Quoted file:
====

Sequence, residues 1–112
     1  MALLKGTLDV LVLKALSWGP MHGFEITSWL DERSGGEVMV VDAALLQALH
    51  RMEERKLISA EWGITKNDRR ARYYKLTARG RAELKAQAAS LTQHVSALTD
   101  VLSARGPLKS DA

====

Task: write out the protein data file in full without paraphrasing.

Sequence, residues 1–112
     1  MALLKGTLDV LVLKALSWGP MHGFEITSWL DERSGGEVMV VDAALLQALH
    51  RMEERKLISA EWGITKNDRR ARYYKLTARG RAELKAQAAS LTQHVSALTD
   101  VLSARGPLKS DA